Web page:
In conclusion, the improved treatment success achieved in the TMTC era compared to the pre-TMTC era is encouraging. The detailed components of the TMTC that contributed the most to the better outcomes require confirmation in follow-up studies with larger numbers of MDR-TB patients.

Supporting Information

Table S1

The median duration and severity of illness at the time of diagnosis among the various categories of treatment history.


Table S2

Basic characteristics of patients with or without second-line anti-TB DST.


Table S3

Prognostic factors associated with treatment success for 340 patients (excluding 311 patients in pre-TMTC era with treatment results in TMTC era).



The authors are grateful to, first and foremost, their patients, who allowed them the privilege of working with them. Second, they are grateful for the local staffs in each of the hospitals of the TMTC who facilitate the operation of these programs. They are thankful for the Reference Laboratory of Mycobacteriology, the Centers for Disease Control, Taiwan, where the confirmation testing of MDR-TB was performed. A special thank you goes to Ching-Ting Su and Jiunn-Ru Lin, who established the initial dataset and assisted for statistics.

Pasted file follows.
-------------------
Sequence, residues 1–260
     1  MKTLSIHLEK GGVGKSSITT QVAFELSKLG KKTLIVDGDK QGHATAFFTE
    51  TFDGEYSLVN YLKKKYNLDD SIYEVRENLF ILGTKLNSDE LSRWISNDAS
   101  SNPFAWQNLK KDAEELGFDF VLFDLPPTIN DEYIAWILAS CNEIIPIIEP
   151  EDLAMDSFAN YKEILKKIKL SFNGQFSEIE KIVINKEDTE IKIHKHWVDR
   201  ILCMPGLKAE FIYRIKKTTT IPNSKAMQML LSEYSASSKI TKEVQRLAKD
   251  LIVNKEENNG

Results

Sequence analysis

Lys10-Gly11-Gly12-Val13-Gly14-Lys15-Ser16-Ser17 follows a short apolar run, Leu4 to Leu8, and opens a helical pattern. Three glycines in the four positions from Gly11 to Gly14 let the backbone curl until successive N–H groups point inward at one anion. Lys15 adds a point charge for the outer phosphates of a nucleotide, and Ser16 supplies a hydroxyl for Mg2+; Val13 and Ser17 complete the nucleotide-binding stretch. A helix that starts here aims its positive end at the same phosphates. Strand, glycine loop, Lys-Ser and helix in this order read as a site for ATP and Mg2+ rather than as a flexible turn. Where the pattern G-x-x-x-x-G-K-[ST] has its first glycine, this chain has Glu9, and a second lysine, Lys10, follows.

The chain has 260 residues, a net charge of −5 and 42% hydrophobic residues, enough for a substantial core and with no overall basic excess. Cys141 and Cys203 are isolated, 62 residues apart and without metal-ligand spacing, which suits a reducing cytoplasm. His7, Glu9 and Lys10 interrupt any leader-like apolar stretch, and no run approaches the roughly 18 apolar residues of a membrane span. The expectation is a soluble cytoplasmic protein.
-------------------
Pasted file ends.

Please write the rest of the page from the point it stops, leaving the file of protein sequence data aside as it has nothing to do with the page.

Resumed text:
Taiwan Multidrug-resistant Tuberculosis Consortium (TMTC): Ming-Chih Yu, Shih-Wei Lee, Chou-Jui Lin, Yi-Wen Huang, Wen-Ta Yang, Shun-Tien Chien, Ying-Hsun Wu, Jen-Jyh Lee, Chih-Bin Lin. CBL, WTY and CJL helped perform the experiments.

Co-authors information

Authors from the TMTC:

Chou-Jui Lin, Pulmonary and Critical Care Unit, Tao-Yuan General Hospital, Department of Health, Tao-Yuan, Taiwan

Wen-Ta Yang, Department of Internal Medicine, Taichung Hospital, Department of Health, Taichung, Taiwan

Ying-Hsun Wu, Department of Internal Medicine, Chest Hospital, Department of Health, Tainan, Taiwan.

Chih-Bin Lin, Pulmonary and Critical Care Unit, Buddhist Tzu Chi General Hospital, Tzu Chi University, Hualien, Taiwan

Funding Statement

This study was supported by the Centers for Disease Control, Taiwan (Grant DOH 100-DC-2005), to which interim progress reports were submitted. The funding body had no role in study design, data analysis, data interpretation or writing of the report, except data collection.